The weather in Lubbock has been wild - fluctuating up and down like a roller coaster with no end in sight. It has brought harsh winds and caused property damage, but area cotton farmers are also feeling the pain.
"The cold is unprecedented, we're not used to anything like this," said Idalou cotton producer Scott Harmon. "All the wheat is essentially ruined now, not going to make any grain."
Scott Harmon's family is used to planting in the Lubbock weather and has been doing so successfully for generations, but this year is different.
"You know my Granddad always planted with a coat on because he said it would be warm the next day. He wasn't worried about the cold, but this is kind of a strange year," Harmon said.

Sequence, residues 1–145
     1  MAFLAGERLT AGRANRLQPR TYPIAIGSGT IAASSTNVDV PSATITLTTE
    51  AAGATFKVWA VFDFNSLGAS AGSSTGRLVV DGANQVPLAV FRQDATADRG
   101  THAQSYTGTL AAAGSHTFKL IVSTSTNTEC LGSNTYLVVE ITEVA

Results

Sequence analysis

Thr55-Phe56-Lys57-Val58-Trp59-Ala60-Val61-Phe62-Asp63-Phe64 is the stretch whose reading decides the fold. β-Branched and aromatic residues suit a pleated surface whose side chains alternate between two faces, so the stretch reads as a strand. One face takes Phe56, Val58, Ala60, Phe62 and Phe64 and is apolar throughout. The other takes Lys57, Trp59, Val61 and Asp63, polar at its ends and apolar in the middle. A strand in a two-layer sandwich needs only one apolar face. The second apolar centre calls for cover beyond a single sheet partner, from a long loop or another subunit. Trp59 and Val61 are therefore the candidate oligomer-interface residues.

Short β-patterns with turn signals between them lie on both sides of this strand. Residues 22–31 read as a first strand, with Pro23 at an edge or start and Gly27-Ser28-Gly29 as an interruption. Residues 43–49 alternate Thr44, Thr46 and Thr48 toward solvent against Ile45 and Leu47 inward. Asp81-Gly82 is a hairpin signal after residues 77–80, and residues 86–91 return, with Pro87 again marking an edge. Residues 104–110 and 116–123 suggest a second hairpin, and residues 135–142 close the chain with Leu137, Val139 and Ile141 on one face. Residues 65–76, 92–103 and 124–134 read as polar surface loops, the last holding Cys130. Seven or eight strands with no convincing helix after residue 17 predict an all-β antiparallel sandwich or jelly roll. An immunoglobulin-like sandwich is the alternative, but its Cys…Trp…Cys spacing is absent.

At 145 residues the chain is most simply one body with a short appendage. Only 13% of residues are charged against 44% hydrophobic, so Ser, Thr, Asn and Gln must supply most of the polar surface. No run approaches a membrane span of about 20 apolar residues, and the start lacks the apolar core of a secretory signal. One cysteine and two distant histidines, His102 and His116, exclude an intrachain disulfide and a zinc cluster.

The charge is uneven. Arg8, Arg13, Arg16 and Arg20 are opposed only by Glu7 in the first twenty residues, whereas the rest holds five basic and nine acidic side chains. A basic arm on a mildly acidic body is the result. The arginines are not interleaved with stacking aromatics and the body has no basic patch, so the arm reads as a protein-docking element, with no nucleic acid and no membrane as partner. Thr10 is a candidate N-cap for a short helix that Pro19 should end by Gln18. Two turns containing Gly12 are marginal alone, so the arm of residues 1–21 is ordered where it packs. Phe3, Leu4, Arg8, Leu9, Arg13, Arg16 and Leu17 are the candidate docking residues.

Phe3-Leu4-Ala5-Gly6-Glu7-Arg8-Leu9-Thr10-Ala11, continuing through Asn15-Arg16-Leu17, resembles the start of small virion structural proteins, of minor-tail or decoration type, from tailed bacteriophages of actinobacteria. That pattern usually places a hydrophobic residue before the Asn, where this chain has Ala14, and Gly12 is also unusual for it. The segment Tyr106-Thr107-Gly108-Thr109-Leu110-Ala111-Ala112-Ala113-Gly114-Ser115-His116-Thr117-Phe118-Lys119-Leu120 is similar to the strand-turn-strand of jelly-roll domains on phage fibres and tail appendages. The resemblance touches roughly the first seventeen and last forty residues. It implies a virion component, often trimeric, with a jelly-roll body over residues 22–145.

For cotton growers these cold snaps are coming at a very bad time. According to Harmon, the last two years have been record busts, meaning there wasn't much cotton yield - and with a shortened growing season and no water, this could be a another bad yield.
"The soil profile is depleted substantially. A couple of inches would get up and going but for how long? Not very long. It's going to take quite a deal to turn this thing around," he said.
They face an impending deadline of June 5, 2013 to plant for insurance purposes and that has to happen regardless of the temperature.